LumberJocks

Why the Craft is Obsolescent...an observation.

  • Advertise with us

« back to Sweating for Bucks Through Woodworking forum

Forum topic by poopiekat posted 03-06-2011 04:59 PM 2068 views 1 time favorited 39 replies Add to Favorites Watch
View poopiekat's profile

poopiekat

4224 posts in 3194 days


03-06-2011 04:59 PM

We continue to lament the ever-decreasing opportunities for careers and/or self employment in the woodworking field. Woodworking is just the latest fatality in the ever-changing business world. I’ll admit, I’m an old timer, and I’ve seen the business landscape morph over the decades. As a child, I recall when every neighborhood had a ‘cobbler’ which was typically a sole-proprietor shop of a man who would repair your shoes. There were five shoe manufacturers in my neighborhood, and all shoes my family wore came from the factory outlet, and when we wore out the soles or needed stitching, the cobbler would fix them while U wait. Allen’s Auto repair would rebuild your fuel pump, water pump, or mend a leak in your radiator and get you on your way again. There was a local bakery nearby, and when us kids could scrape up a few coins we could buy fig squares just out of the oven for 7 cents. Wherever a person’s aptitude lay, he/she could find work, or even an entrepreneurial opportunity. Well, okay so much for the nostalgia angle, what I’m really saying is that woodworking is just the next victim of the conglomeration of big businesses altering the way we spend our money. I’m sure that even in the 50s and 60s there was a sense of doom hovering over these entrepreneurs, having the marketability of their craft taken away from them. Let’s see… the Mom and Pop corner grocery got blasted away by 7-11’s. Milk men lost their routes, and kids find it astounding that a man actually came to your house to deliver fresh milk. You could bring your toaster to a repair shop for re-wiring , and of course there were TV repairmen who would come to your house and fix your set, usually on the spot with a new tube of one kind or another. Even Midas Muffler shops did one thing..and who has had a exhaust component changed in the last 25 years? . These people are all out of work, whether they retired or switched careers, they sure aren’t doing now what they used to do. But Wait! Let’s consider those professions that have so far resisted the obsolescence of the modern economy! There are jobs like crazy for electricians and plumbers, both of which have always required licensing of some sort. Is it the heavy regulation of these two trades that has preserved the job base? Did the NKCA, I don’t even know if that agency still exists today, but in the 70’s the Nat’l Kitchen Cabinet Association governed the standards for manufacturing and installation of kitchen cabinetry… did they sell us down the river? Hey, what happened? When did cabinetmaking and joinery lose its status in the trades? If woodworking was not permitted, except by card-carrying, licensed professionals, would the trade have persevered through changing economic times?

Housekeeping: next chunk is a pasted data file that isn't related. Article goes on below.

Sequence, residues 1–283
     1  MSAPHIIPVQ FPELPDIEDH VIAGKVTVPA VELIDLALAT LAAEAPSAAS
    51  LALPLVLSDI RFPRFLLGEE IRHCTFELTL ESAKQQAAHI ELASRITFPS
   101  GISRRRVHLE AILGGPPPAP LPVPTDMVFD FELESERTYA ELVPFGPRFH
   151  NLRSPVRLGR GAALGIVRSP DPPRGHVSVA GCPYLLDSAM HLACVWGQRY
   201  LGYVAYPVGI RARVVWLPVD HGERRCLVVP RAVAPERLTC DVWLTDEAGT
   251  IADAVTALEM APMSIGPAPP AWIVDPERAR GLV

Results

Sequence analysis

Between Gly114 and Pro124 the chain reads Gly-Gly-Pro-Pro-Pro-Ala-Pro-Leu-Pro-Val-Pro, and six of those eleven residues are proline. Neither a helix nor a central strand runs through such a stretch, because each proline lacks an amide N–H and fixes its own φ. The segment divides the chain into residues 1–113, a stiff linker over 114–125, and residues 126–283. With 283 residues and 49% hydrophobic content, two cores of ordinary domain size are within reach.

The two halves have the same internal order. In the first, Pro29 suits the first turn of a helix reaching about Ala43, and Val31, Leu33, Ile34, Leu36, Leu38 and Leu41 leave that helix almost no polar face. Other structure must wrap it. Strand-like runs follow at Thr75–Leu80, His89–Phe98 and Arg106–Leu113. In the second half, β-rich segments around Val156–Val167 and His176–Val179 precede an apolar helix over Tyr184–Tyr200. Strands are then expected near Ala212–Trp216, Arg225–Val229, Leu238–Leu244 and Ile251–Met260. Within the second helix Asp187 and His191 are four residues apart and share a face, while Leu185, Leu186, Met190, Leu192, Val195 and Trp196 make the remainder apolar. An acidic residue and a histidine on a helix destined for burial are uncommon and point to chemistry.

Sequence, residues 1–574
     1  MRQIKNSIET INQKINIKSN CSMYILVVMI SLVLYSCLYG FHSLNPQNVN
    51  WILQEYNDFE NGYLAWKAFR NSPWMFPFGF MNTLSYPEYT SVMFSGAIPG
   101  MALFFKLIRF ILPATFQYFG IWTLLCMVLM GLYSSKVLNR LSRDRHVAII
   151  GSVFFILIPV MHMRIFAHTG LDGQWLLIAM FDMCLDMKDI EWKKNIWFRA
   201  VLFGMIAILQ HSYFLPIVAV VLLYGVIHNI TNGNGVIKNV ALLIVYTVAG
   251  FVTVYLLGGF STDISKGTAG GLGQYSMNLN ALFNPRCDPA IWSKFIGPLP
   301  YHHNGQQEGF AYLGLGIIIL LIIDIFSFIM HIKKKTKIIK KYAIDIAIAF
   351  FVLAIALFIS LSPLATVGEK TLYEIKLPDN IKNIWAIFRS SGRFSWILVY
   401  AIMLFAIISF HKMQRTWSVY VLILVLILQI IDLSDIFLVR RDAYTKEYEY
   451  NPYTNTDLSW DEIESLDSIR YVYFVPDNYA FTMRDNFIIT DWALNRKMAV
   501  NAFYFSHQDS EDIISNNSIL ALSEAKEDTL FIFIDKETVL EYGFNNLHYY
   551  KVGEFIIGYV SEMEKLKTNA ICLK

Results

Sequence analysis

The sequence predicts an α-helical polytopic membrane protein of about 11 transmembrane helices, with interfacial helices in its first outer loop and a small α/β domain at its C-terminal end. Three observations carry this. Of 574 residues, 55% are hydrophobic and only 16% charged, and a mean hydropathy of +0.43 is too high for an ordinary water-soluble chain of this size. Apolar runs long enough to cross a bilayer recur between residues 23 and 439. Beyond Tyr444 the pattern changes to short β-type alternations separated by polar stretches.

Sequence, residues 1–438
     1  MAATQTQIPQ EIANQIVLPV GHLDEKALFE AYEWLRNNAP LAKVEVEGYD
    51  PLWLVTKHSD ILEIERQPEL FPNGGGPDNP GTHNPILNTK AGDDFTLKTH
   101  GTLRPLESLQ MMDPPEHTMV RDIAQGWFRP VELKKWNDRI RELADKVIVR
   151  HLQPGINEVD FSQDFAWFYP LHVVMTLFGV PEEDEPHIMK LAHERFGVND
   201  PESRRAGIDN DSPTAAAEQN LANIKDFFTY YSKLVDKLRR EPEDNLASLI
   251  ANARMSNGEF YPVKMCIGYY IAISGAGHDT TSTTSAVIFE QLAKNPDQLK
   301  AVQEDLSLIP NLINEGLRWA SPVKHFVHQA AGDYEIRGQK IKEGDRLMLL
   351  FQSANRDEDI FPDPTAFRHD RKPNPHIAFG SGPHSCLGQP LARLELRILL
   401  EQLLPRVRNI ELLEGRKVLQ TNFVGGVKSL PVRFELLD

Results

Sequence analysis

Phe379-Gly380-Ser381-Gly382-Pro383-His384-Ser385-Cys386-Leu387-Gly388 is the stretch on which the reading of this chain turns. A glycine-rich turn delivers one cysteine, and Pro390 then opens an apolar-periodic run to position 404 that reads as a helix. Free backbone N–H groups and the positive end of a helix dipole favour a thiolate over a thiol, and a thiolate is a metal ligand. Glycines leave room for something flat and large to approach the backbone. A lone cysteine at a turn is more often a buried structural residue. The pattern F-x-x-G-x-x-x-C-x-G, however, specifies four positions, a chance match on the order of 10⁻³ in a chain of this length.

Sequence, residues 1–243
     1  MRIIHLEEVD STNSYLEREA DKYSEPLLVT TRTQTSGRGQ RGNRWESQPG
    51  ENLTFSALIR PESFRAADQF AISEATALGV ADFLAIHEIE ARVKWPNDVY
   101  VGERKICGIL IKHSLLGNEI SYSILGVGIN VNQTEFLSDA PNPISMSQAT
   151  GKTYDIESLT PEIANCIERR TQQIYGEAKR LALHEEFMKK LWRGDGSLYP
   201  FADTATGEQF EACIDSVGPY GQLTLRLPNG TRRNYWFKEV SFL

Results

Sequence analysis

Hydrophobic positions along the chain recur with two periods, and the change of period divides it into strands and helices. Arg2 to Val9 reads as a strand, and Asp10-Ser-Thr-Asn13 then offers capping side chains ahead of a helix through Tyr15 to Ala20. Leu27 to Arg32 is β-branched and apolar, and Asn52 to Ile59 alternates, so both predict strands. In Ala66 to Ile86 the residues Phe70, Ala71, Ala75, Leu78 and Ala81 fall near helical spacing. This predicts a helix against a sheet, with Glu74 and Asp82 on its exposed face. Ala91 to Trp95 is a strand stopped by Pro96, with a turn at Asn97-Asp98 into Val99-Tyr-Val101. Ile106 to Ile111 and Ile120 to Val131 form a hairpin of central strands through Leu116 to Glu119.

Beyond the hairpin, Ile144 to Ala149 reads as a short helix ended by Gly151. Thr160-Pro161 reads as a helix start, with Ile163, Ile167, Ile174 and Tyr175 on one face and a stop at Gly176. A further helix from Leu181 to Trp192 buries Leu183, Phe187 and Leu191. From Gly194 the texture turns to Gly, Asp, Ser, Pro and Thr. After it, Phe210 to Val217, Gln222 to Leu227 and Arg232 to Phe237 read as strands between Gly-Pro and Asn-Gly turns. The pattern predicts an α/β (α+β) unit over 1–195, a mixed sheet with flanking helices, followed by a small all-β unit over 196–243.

-- Einstein: "The intuitive mind is a sacred gift, and the rational mind is a faithful servant. We have created a society that honors the servant and has forgotten the gift." I'm Poopiekat!!


39 replies so far

View Stephen Mines's profile

Stephen Mines

225 posts in 2150 days


#1 posted 03-06-2011 06:46 PM

Hi P,
First, woodworking has not become obsolete. I think ‘what happened’ was the industrial revolution and it’s ongoing refinement. Henry Ford was the first major player that played the ‘interchangability of parts” card while dealing himself a full house from
the ‘economies of scale’ deck.

The adapt or die Darwinian tenent is alive and well. My Windsor chair had 18 parts, but only six different parts. I relied on both of Hank’s insights. My “Country Flowers Collection” of country French furniture did the same thing with carved stiles and rails, parts used in mirrors, night stands, armoires, coffe tables, buffet tables, beds, etc.